When it’s time for new blog topics, Allen, Trish, and Russell generally get together and toss around ideas. By the time I talk to one of them on the phone, it’s simply a matter of writing down what an enthusiastic Sowers says. This week was different. Allen and Russell are off building a bridge and the duty of brainstorming for a blog topic fell on Trish and me. Now, we’re both pretty creative people, but suddenly there was a momentary brainstorming drought and we were left hearing crickets in our heads. Trish jokingly messaged me that we could write about the Honduran bug infestation and was probably surprised when I thought it sounded like a great idea! I’ve read enough stories about life on the mission field to know that things like bugs, snakes, and monkeys are hot topics. Since I haven’t heard Trish say a word about snakes or monkeys, I jumped on the bugs.
Party Time for Bugs
This is the year of the grasshopper in Western Honduras. More specifically, every third year grasshoppers arrive in numbers most North Americans will only read about in a missionary story. Cicadas also show up every few years and this year the grasshoppers and the cicadas synchronized their travel schedules. And beetles are also underfoot and flying nightly dive-bombing raids. Not to be left out, the flying termites are expected soon. As Trish said, “It’s like a party going on with the bugs. The scorpions are like the wallflowers of the party. They’re not coming out and dancing, but they’re the ones you don’t want to mess with.”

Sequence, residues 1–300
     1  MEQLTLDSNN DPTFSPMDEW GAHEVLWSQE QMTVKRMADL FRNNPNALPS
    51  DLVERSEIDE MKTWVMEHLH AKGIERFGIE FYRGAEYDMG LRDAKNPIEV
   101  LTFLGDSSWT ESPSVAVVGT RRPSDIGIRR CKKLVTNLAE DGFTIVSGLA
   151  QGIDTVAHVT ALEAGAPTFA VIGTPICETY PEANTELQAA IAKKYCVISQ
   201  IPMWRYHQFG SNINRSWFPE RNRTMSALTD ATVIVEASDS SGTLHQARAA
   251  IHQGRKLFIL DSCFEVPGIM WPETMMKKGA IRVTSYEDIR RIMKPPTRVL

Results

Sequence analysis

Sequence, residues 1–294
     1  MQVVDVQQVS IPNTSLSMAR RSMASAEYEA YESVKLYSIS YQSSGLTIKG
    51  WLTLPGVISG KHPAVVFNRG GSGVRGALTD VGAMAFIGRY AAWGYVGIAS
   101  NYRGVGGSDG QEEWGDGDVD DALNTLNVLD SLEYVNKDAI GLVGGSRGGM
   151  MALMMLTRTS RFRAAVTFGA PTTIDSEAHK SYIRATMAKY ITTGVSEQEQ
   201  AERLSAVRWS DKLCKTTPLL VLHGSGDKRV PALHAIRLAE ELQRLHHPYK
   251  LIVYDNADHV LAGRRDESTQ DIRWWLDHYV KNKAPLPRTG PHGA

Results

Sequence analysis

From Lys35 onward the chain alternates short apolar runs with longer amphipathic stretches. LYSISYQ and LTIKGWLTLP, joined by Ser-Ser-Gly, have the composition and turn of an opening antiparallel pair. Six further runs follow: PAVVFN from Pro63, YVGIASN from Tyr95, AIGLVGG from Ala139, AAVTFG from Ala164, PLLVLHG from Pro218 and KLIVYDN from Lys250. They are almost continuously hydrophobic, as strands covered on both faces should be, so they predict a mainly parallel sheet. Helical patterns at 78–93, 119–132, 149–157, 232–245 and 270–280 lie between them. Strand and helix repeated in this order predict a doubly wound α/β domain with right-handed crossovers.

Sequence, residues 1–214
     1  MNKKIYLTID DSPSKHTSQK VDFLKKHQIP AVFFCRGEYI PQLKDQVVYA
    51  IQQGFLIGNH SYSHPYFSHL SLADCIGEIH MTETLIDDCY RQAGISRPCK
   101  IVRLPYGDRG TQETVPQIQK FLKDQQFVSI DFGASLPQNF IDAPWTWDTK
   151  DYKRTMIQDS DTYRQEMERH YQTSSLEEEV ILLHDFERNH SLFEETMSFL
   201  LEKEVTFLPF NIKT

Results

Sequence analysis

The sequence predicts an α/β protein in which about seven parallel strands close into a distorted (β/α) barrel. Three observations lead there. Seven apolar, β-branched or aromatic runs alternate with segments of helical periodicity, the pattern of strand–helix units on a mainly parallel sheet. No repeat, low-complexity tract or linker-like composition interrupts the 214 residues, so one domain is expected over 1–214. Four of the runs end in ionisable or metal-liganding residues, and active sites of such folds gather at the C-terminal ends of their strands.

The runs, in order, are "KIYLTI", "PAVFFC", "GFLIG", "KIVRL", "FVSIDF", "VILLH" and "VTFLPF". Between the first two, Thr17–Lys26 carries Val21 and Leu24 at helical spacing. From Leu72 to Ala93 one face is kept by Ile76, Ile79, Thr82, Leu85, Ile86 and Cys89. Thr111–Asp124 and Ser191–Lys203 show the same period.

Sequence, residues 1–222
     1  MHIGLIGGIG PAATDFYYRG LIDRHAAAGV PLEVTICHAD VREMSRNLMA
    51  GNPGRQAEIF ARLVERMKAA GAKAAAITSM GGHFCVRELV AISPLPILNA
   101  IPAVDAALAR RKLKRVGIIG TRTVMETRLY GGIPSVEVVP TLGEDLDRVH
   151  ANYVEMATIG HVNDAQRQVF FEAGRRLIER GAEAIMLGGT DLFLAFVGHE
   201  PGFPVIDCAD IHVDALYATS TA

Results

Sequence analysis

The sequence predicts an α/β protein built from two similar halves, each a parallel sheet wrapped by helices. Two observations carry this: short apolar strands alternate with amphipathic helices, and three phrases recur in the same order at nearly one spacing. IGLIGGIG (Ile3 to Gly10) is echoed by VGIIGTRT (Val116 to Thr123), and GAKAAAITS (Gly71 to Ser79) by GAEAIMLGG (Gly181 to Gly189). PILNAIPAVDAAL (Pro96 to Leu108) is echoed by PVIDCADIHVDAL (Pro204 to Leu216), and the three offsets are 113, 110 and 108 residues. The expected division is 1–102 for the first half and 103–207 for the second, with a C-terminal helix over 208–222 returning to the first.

These are not mambi-pambi grasshoppers. These suckers will grow to be about five inches in length. Having read the Little House on the Prairie series more times than you can shake a slate pencil at, I know that bugs tend to not be the farmer’s friend. I asked how the grasshoppers will affect the coffee fields. Fortunately, the grasshoppers seem to abstain from coffee. Trish has a few house plants that live outside and the grasshoppers don’t seem to care for plants with glossy leaves. Coffee plants have fairly glossy leaves. Trish’s accidental tomato plants, which just popped up from the compost heap, have not been as lucky, and she’s quite thankful their diet does not rely on her gardening abilities.
|The current appearance of the grasshoppers. |
They have not yet achieved their full size, and they
will also lose their stripes and become solid-colored.
|Termites swarming near our roof line.|
While she takes the buggy stuff in stride, toward the end of our conversation, Trish laughed and said, “God has put me on this earth to make other people more content with their lives.”
I think she may be onto something!
- posted by Christi